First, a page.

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Top tips on working together

How can we work better together? Michael Shaw highlights five top tips for smaller churches, and five top tips for larger churches



In my previous article I talked about how small churches and big churches have to learn to relate to one another if we are to be truly Baptist Together. So what could this look like? What can small churches offer bigger churches and vice versa? I have come up with some ideas:

Five things a larger church could do


Working together
Picture: RGB Stock
1. In many churches today church members do not give via the offering plate (or basket); most do that via standing order. Why not add an optional tick box  where people can request that a percentage of their donation goes to help a smaller local church - outside of normal Home Mission giving?

2. Most church car parks are full, but what if one Sunday you closed them? Or at least suggested that the members who could walked to their nearest church (could be Baptist) and went there. The following Sunday could be used to pray into what people experienced.

3. Sometimes smaller churches know what needs to happen in their area, other times they don’t. Don’t just assume the latter. The first step is always conversation, but after that you could help them with some form of mission audit which results in a mission plan for the area.

4. Why not release one of your youth workers one day a week to help in a smaller church, or a member of your preaching team or worship team one Sunday a month to help at a smaller church. Often these smaller churches have issues with pulpit supply or worship leaders: be generous with your human resources.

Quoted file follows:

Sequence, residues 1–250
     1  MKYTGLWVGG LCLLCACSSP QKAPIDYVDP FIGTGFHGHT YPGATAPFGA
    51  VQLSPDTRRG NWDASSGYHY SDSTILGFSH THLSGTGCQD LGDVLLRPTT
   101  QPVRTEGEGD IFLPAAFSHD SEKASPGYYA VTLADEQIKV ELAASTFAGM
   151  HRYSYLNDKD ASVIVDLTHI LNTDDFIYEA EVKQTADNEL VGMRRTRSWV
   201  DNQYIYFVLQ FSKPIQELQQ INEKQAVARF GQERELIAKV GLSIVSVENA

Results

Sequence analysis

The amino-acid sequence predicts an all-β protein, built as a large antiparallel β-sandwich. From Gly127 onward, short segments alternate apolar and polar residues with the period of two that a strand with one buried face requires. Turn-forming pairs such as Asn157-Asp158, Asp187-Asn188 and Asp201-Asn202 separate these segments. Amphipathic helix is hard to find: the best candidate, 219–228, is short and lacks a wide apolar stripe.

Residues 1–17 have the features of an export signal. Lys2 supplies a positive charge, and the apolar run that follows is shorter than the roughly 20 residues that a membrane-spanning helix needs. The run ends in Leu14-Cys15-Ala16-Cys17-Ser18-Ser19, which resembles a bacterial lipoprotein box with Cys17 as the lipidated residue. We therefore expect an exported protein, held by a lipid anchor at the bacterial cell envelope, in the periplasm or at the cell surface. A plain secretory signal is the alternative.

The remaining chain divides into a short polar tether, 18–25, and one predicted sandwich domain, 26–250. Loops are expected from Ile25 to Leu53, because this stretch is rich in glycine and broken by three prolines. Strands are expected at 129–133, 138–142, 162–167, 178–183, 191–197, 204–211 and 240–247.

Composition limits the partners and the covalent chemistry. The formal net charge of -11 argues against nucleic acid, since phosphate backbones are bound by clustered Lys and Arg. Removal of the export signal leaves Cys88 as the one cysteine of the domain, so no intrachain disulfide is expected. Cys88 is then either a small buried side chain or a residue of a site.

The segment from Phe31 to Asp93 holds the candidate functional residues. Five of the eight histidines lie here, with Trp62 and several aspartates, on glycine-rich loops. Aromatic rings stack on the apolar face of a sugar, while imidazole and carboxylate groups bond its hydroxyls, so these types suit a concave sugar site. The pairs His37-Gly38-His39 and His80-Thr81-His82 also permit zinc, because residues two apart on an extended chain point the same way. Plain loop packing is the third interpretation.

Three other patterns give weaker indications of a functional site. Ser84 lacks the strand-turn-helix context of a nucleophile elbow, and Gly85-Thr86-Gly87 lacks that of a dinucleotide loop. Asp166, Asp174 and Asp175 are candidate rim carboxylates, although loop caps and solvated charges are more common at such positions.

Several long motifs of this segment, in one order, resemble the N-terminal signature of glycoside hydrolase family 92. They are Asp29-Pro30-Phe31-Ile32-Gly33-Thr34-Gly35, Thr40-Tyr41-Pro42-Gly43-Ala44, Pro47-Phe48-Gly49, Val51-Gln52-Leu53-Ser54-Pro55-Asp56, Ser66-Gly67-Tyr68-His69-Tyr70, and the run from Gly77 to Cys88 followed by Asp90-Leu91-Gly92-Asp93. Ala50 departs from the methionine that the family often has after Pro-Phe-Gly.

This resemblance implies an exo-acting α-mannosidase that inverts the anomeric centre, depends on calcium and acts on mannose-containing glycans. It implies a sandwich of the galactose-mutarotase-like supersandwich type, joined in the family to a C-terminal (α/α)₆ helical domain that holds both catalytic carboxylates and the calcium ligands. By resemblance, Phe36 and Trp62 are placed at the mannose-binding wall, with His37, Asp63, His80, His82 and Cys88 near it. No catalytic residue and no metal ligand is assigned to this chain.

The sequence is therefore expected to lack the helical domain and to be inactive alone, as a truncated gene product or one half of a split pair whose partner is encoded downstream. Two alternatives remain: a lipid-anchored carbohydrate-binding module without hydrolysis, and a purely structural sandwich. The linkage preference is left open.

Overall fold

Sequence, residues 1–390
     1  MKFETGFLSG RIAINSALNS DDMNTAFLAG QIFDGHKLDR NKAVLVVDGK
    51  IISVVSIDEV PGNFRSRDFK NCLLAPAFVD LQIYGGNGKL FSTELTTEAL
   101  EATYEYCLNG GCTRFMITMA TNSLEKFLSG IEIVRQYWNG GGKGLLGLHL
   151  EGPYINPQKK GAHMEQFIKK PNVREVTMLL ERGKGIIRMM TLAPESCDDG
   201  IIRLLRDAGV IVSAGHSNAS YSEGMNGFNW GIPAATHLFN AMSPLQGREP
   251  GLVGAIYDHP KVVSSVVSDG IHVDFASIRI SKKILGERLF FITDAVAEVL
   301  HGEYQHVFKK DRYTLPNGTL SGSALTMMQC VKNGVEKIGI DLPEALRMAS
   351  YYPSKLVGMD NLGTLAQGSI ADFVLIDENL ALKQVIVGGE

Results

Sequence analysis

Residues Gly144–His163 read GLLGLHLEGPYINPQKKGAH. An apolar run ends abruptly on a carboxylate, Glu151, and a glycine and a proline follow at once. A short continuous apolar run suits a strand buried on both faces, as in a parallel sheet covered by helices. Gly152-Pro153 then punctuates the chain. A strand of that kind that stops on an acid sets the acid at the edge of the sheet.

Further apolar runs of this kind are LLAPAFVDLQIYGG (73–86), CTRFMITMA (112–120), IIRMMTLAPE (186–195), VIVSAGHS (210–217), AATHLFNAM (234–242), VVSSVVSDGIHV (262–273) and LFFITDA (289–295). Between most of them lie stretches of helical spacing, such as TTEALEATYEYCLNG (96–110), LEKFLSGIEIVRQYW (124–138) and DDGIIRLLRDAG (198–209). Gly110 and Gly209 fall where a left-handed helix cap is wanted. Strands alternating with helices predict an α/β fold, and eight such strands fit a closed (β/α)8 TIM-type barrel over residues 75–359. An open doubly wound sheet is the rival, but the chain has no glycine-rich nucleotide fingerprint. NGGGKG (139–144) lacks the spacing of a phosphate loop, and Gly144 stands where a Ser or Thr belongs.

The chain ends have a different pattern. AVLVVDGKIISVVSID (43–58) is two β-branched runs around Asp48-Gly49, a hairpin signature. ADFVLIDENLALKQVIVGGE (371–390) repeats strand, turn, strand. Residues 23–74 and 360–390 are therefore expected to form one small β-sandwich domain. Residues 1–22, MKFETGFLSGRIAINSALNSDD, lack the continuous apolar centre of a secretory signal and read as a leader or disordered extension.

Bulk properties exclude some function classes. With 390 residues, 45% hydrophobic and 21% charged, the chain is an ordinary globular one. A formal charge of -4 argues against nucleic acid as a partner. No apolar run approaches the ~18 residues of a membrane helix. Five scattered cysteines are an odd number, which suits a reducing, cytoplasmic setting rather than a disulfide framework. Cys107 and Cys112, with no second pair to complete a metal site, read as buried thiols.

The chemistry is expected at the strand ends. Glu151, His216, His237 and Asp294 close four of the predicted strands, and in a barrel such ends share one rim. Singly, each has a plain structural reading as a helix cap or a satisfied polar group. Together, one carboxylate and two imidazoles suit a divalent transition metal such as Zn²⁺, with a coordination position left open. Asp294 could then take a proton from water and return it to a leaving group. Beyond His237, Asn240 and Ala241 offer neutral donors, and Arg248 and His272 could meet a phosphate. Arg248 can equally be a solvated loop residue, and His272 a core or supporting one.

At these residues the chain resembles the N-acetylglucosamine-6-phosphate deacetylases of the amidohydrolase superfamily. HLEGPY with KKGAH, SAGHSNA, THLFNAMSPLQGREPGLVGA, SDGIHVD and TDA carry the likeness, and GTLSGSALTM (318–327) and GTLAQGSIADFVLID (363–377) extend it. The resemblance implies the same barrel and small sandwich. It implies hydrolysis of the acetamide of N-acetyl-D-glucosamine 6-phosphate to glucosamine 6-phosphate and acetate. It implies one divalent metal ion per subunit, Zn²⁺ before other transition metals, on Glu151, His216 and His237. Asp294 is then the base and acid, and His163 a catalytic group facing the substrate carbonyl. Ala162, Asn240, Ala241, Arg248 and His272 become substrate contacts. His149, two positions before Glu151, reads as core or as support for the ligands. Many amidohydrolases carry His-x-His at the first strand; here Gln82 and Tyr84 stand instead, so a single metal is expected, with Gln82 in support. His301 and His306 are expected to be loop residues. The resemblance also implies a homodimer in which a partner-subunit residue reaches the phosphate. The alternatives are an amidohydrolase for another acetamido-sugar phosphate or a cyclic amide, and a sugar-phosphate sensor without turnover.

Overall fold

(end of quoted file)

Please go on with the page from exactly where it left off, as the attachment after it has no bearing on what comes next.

5. Commit to weekly prayer for small churches nearby, at church prayer meetings and in intercessions. But don’t just be vague: get one of the leaders to come along one Sunday and speak about the issues they face.

Five things a smaller church could do

1. Smaller churches are places where young worship leaders, preachers etc can gain some experience, why not offer a Sunday to a bigger local church for them to send their students or young adults to get experience?

2. Many larger churches may have people but they often have a lot of people who do not do much (I saw a recent estimate of 95 per cent). Smaller churches often do not have that problem. Smaller churches can teach larger churches about how best to get more people involved.

3. Why send people halfway across the world to engage in cross cultural mission, when there are unique and different cultures on our doorstep? Small churches can offer opportunities in mission for people. They could be a good internship before someone is sent abroad. You never know: they may not want to go. Small churches could offer internship years for anyone wanting to engage in cross-cultural mission.

4. What happens in the small church will happen in the larger churches. Small churches that have had to deal with mosques being built next door; declining or ageing demographics are at the fore front what may happen to all churches one-day. Where they thrive they can teach the larger churches what to do.

5. Commit to weekly prayer for larger churches in the area, at church prayer meetings and in intercessions. But don’t just be vague: get one of the leaders to come along one Sunday and speak about the issues they face.

The Revd Michael Shaw is minister of Devonport Community Baptist Church, Plymouth



Related:
Money - and how we use it. Why do we allow some of our least resourced churches to struggle in some of the most deprived areas?


Branding, ambition and reality - what does it really mean to be Baptists together?
Michael Shaw, 28/10/2013
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